Jill Anderson, an assistant professor of genetics in the University of Georgia Franklin College of Arts and Sciences and the Odum School of Ecology, has received a $1.1 million grant from the National Science Foundation Early Career Development Program to study the effects of climate change on plants.
CAREER awards are among the NSF’s most prestigious, and they support junior faculty who exemplify the role of teacher-scholar and the integration of education and research.
Anderson’s project tests whether plants will be able to survive on a warming planet by using a mustard plant species called Drummond’s rockcress as a model. Native to the Rocky Mountains, Drummond’s rockcress can grow at elevations as low as 5,000 feet and higher than 12,000 feet, and its range extends from Alaska to Arizona.
“This plant has been exposed to variable climates throughout its evolutionary history, and studies suggest that it has adapted well to changes in climate brought on by events like the expansion and contraction of glaciers,” said Anderson. “Now we want to see if this plant can do the same thing when faced with rapid changes in climate brought on by human activities.”
Anderson is particularly interested in the adaptations that allow plants like Drummond’s rockcress to “migrate” to new areas in response to changing climates.
As the atmosphere warms, for example, seeds may begin to germinate at higher elevations, allowing plants to move into environments that were previously too inhospitable.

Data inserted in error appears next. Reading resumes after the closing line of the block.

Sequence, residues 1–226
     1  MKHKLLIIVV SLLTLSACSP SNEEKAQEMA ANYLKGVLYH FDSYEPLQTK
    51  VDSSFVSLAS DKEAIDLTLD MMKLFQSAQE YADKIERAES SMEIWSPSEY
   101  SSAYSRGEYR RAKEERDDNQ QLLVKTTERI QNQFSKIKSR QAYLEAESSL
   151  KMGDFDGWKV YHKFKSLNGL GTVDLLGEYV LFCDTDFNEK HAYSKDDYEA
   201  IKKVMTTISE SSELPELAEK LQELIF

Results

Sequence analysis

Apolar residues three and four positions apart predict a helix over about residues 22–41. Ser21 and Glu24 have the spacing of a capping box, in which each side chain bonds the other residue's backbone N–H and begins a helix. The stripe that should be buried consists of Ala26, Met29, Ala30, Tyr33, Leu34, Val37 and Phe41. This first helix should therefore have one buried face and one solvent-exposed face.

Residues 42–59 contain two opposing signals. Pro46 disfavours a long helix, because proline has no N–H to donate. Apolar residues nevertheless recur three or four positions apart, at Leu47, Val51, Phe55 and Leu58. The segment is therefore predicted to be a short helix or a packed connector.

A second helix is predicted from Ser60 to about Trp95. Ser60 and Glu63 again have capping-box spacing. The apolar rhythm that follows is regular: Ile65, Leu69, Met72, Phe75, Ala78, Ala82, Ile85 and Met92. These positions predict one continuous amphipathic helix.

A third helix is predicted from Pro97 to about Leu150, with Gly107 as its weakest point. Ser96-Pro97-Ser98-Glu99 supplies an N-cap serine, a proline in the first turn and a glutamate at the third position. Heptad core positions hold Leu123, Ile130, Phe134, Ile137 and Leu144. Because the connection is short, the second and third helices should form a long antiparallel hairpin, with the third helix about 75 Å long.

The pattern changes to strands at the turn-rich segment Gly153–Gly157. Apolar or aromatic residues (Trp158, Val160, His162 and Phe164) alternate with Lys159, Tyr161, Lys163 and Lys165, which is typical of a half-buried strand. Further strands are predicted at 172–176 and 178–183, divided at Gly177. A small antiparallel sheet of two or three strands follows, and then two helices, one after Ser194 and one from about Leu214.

“Plants can also shift how they behave in response to changes in the environment,” said Anderson, who also serves as a member of UGA’s Plant Center. “We know that Drummond’s rockcress is flowering about 13 days earlier than it was in the 1970s, but we want to find out how much of that is an adaptive response to earlier springs or how much of that is just a symptom that the plant is stressed.”
Anderson and her colleagues will conduct large-scale field studies and laboratory experiments to see if natural plant populations have enough genetic diversity to adapt to a rapidly changing climate. The lessons they learn from studying Drummond’s rockcress may help identify plants more or less vulnerable to climate change, which could influence conservation efforts for both natural and agriculturally important plants.
“There will be situations in which plants can’t keep up with climate change, and several scientists are researching whether we should relocate plants to areas that will be more hospitable in the future,” she said.
For the educational component of her award, Anderson will expand an ecology course for high school students in Colorado, where she does her fieldwork.
Students enrolled in the course conduct their own independent research projects, and they receive a full high school science credit for successfully completing the class.
“This grant expands the high school project by bringing in teachers and teachers in training so we can give them the information and resources they need to take their students outside and do field biology,” Anderson said.
Anderson and her colleagues will work with the teachers to build lesson plans based on fieldwork, which they will post online so that other teachers around the country can use the same ideas for their own classrooms.